The Glorious Dead
This has been a rough week. Unexpectedly, it’s been the busiest week I’ve had for my day job since the pandemic caused a shutdown here in Washington State back in March. Those job demands carried through into this weekend and consumed a big part of this Saturday. On top of that, four days ago Covid 19 rapidly claimed the life of a man in Texas (where I spent half my life) who has been a father figure to me since my teenage years. He also founded and led the organization I work for, and he was the longest-lasting and most influential mentor I’ve had in my working career. Because of the virus, I couldn’t be with him or his family, and that made an already tragic situation even worse.
I probably could have gotten a break from work because of his death, but I decided that staying busy was probably better for my mental and emotional health. For the same reason, I stuck to the commitments I’d made to premiere music at NCS this past week. But I didn’t have the time or mental clarity to do much of anything else here. I didn’t listen to any new music other than what I had promised to premiere. I’ve neglected NCS emails. And I haven’t kept up very well with the appearance of new songs and videos.
I attended an online funeral service for my friend on Thursday. He was Jewish, and tomorrow I will attend and speak at an online shiva with his family and many friends. On Monday night there will be another online memorial among the people who worked with him, and I’ll be speaking about him again then. Trying to hold it together through all of this has been, and will be, difficult, to say the least. Though I’ll continue to honor our premiere commitments this coming week, I can’t promise that I’ll be able to get my other NCS activities back to normal any time soon. I know all of you will understand.
I probably didn’t need to say anything about the decline in my NCS output or the reasons for it. I’m not sure how many people would have even noticed (though purely coincidentally, some of the other more active NCS writers had to focus on other things this past week themselves, which might have made the relatively meager output at the site more noticeable). But I decided to get this off my chest, and to put at ease anyone who might actually have worried about what the fuck was going on here.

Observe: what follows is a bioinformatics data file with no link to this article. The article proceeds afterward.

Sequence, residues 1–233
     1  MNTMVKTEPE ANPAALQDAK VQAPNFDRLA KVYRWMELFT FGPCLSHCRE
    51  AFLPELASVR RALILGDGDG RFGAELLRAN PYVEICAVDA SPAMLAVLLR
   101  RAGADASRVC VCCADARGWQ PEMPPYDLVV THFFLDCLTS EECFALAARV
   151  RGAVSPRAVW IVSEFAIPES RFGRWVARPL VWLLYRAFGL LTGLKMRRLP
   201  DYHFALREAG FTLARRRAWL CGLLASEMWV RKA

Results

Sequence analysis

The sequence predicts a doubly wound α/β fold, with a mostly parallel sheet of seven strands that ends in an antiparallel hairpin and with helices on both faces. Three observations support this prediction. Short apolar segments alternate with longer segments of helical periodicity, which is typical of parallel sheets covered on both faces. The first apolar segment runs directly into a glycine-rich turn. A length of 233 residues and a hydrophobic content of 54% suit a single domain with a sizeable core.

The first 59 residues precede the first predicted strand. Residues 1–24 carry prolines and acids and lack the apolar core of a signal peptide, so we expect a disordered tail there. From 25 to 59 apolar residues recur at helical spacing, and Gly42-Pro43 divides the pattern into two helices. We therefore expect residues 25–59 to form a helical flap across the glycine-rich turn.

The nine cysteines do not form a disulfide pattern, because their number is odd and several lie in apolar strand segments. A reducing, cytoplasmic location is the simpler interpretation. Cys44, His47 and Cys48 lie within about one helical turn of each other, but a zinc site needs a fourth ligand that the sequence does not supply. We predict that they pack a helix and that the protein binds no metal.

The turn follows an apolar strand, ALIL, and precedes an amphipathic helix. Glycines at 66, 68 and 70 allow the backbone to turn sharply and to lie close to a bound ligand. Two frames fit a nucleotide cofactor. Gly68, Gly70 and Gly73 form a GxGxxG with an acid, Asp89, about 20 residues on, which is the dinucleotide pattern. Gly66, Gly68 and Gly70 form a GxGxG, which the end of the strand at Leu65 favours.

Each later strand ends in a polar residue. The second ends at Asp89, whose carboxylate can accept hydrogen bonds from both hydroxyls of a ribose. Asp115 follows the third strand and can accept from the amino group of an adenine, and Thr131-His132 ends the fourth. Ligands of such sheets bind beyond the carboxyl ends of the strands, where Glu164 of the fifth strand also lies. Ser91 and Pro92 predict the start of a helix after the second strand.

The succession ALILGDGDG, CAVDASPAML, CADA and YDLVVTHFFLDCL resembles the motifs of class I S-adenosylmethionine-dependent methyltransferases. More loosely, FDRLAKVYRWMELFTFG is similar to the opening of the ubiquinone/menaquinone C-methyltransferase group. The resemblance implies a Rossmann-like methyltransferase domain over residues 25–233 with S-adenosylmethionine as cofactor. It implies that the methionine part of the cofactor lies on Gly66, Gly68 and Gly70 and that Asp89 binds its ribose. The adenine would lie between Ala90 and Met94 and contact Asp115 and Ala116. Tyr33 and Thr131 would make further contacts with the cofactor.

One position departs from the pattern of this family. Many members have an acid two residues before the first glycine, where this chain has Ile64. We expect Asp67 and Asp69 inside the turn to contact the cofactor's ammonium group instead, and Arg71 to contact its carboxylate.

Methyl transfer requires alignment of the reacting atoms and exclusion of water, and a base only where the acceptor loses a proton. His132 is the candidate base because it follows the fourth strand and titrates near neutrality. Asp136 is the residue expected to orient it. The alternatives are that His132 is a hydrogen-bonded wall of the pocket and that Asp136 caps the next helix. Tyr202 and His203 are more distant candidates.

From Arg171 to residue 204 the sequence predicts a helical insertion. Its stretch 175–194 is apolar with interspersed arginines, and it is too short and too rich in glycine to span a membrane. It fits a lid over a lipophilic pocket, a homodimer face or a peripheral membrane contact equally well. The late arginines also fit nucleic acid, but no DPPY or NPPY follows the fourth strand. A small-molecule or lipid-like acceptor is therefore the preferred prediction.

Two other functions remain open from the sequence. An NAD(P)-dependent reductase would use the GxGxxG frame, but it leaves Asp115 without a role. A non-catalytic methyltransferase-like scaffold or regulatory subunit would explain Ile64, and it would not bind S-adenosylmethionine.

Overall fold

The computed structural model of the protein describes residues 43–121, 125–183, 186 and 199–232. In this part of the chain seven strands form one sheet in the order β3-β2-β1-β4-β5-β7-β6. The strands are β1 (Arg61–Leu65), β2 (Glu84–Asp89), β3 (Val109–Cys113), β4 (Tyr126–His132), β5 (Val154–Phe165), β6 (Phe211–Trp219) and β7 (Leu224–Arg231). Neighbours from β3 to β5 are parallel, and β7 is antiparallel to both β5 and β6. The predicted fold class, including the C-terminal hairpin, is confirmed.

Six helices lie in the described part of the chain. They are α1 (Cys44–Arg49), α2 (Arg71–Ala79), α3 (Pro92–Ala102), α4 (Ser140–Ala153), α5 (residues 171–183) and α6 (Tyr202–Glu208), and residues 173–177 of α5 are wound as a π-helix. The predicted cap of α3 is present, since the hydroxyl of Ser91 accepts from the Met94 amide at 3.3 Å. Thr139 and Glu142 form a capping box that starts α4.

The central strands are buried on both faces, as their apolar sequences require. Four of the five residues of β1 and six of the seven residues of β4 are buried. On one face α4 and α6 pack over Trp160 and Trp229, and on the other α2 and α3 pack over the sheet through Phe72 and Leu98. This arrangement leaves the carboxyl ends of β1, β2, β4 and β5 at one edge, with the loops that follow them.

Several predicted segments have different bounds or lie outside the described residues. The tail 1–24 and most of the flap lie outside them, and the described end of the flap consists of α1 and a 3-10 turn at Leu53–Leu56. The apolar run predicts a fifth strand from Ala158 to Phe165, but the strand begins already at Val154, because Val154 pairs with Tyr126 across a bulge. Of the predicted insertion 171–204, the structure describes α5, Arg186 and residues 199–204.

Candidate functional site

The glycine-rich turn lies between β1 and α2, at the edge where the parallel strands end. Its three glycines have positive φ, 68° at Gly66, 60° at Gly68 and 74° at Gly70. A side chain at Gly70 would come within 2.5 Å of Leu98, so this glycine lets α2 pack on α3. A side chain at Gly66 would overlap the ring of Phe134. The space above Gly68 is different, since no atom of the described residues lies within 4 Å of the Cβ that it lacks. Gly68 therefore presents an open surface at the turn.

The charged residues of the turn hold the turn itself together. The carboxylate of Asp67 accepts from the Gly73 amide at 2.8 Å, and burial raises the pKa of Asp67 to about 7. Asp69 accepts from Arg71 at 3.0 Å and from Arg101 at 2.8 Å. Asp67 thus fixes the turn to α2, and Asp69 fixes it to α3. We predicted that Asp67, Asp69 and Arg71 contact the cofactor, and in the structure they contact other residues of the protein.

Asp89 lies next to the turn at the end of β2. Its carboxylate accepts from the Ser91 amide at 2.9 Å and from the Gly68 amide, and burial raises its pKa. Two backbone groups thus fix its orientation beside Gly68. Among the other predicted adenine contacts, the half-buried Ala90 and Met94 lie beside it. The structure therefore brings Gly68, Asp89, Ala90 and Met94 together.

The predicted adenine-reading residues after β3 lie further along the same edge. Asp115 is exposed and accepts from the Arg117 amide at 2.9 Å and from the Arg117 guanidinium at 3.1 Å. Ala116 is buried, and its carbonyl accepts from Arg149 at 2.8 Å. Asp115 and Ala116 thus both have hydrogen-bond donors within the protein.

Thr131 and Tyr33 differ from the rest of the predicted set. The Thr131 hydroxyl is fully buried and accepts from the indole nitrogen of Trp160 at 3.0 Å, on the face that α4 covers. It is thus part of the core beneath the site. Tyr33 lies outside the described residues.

Having done that, I’ve also bowed to my long-lasting compulsion to (almost) never post anything at the site that doesn’t have music to go along with it. For the reasons explained above, I didn’t listen to much new music this morning. But by chance I did quickly find the songs I’ve included below. Apart from the fact that I think they’re very good, they also seemed to fit well together. The music of both these bands also hit me in the right way. There is a certain bleakness in their music, which fit my own mood, but they also have ferocious energy, which is something I think I needed.
THE GLORIOUS DEAD
These first two songs are by a death metal band from Traverse City, Michigan, that formed back in 2009, released a debut EP that year, and then faded away until re-forming in 2017. Since then they’ve released a demo and an EP and are now on the path to releasing a debut album in September. The line-up includes Bindrune Recordings label boss Marty Rytkonen on guitars, as well as guitarist/vocalist T.J. Humlinski, drummer Chris Fulton, and bassist Chris Boris.
As “The Noise of Gravediggers” vividly demonstrates, The Glorious Dead have the capability of launching rumbling, pile-driving, juggernaut attacks, and of creating dismal, sinister, and queasy melodies. In short bursts, they also explode in displays of chaotic, swarming violence capped by deranged soloing. The belly-deep vocals are also monstrously good. “Cranial Festering” solidifies all these favorable impressions, though the soloing there is a manifestation of waling preternatural wretchedness.
Into Lifeless Shrines will be released by Bindrune Recordings, on vinyl and digitally, on September 4th.
Petrichor is the sister-label of the venerable Hammerheart Records. As Petrichor explains, “The label was born out of necessity when Hammerheart Records decided to focus solely on releasing 80’s/90’s bands and re-issues. A new entity was needed to give ‘new’ and fresh acts a place to blossom and develop. And thus Petrichor was born”.
Petrichor’s second signing is a band named Supruga, from Samara, Russia. The label describes their music as an “angst-ridden, gloomy blend of Endzeit emotions with darkened metal/sludge/core”. The name of their new album, which I assume is a debut, is Хаос/Никто не в безопасности, and it will be released in October 2020.
The song below is “Никто не в безопасности“. It makes good use of spine-shaking, HM-2-like distortion in the riffing, occasional punk rhythms, wolfish howls, and panther screams. And those riffs are killer — bleak and bruising for sure, and the song gets dramatically more dismal as it decelerates, but it’s a head-mover too. Also, very infectious.